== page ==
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A police officer who was suffering from rectal bleeding and other gastric complaints went to see an Indiana doctor in 2004. Despite having symptoms indicating the possible presence of colorectal cancer, the doctor did not order a sigmoidoscopy or colonoscopy to test for colon cancer.
The 35-year-old police officer was treated for other conditions and was discharged. Later he moved to Arizona, and saw another doctor about the continued problem of rectal bleeding. The Arizona doctor ordered testing in August 2006 that found that the officer did indeed have colon cancer. By the time the cancer was discovered, it had reached Stage 4 and was incurable.
The police officer filed a medical malpractice suit against the Indiana doctor in January of 2009, citing the doctor’s failure to perform tests that would have led to a much earlier diagnosis of the colorectal cancer.
Just a few weeks ago, the case came to trial. After four days of testimony, the jury found in favor of the police officer, and found that he should receive $2.5 million in damages relating to medical expenses, pain and suffering, and decreased life expectancy.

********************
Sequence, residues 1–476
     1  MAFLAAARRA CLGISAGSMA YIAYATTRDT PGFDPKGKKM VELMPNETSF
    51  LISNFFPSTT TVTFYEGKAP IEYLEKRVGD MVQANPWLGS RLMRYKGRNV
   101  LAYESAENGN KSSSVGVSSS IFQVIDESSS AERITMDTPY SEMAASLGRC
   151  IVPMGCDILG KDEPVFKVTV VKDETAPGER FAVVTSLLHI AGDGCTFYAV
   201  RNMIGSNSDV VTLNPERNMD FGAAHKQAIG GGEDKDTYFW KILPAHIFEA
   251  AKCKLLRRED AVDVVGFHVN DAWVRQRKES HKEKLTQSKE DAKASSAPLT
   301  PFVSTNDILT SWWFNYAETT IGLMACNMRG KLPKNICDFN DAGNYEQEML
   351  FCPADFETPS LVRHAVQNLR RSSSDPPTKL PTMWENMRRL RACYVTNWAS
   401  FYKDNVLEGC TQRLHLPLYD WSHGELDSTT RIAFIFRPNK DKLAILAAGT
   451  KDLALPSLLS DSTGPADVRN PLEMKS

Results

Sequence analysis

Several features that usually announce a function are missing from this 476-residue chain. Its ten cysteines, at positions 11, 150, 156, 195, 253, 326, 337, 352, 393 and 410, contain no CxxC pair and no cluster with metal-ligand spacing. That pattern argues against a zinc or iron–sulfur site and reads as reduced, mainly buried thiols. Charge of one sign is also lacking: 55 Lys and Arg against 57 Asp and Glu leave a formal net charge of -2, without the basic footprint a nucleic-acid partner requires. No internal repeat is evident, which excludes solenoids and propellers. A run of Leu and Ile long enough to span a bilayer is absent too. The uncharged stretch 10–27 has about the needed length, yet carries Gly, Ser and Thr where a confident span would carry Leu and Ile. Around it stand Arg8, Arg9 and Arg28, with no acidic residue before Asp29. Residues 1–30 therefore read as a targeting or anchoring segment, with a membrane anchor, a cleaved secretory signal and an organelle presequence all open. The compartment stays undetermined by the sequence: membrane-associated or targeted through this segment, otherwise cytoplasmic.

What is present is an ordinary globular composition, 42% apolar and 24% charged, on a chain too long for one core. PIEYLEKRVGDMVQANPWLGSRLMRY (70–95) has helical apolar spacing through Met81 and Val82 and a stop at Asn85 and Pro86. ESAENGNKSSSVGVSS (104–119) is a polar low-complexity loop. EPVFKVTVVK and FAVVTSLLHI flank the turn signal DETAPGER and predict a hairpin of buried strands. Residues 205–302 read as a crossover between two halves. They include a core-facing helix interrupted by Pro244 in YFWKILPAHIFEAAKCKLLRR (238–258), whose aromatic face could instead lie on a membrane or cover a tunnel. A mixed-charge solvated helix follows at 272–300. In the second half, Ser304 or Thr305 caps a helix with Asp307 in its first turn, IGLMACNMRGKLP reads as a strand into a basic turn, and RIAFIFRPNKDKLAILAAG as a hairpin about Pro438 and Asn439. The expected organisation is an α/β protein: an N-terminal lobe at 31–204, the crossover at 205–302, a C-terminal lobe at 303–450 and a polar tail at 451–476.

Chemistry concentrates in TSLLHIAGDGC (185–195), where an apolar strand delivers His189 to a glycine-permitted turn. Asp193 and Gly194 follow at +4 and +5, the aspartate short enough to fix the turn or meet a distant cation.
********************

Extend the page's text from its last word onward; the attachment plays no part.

Although this may seem like a clear victory for the plaintiff and for all those who fight to hold negligent physicians accountable for the harm they cause, Pennsylvania medical malpractice attorneys reluctantly point out that regardless of the jury’s findings, the man may not be able to recover what they clearly feel he deserves.
Unfortunately, Indiana has a cap of $1.25 million on medical malpractice claims, so regardless of the jury’s decision, the officer will only be compensated for his damages up to that amount.
The jury was not informed of this cap and did not take it into account in its deliberations.
Cases like this one demonstrate the injustices that can be done by putting caps on medical malpractice damages. Juries should be able to consider the facts and determine the full and fair compensation for all injuries. Putting a cap on damages without knowing any of the facts practically guarantees that many medical malpractice injuries will not be compensated, and that the full weight of the injuries will be borne by the victims.
The police officer in this case now has a prognosis of less than a year to live. An earlier diagnosis could have saved his life and given him a chance to spend many more healthy years with his friends and family — and serving his community.
There is nothing unreasonable about a jury considering the damage from this misdiagnosis to be worth more than $1.25 million.
Source: TribStar, “Vigo jury awards $2.5M in medical malpractice case,” 3/5/2011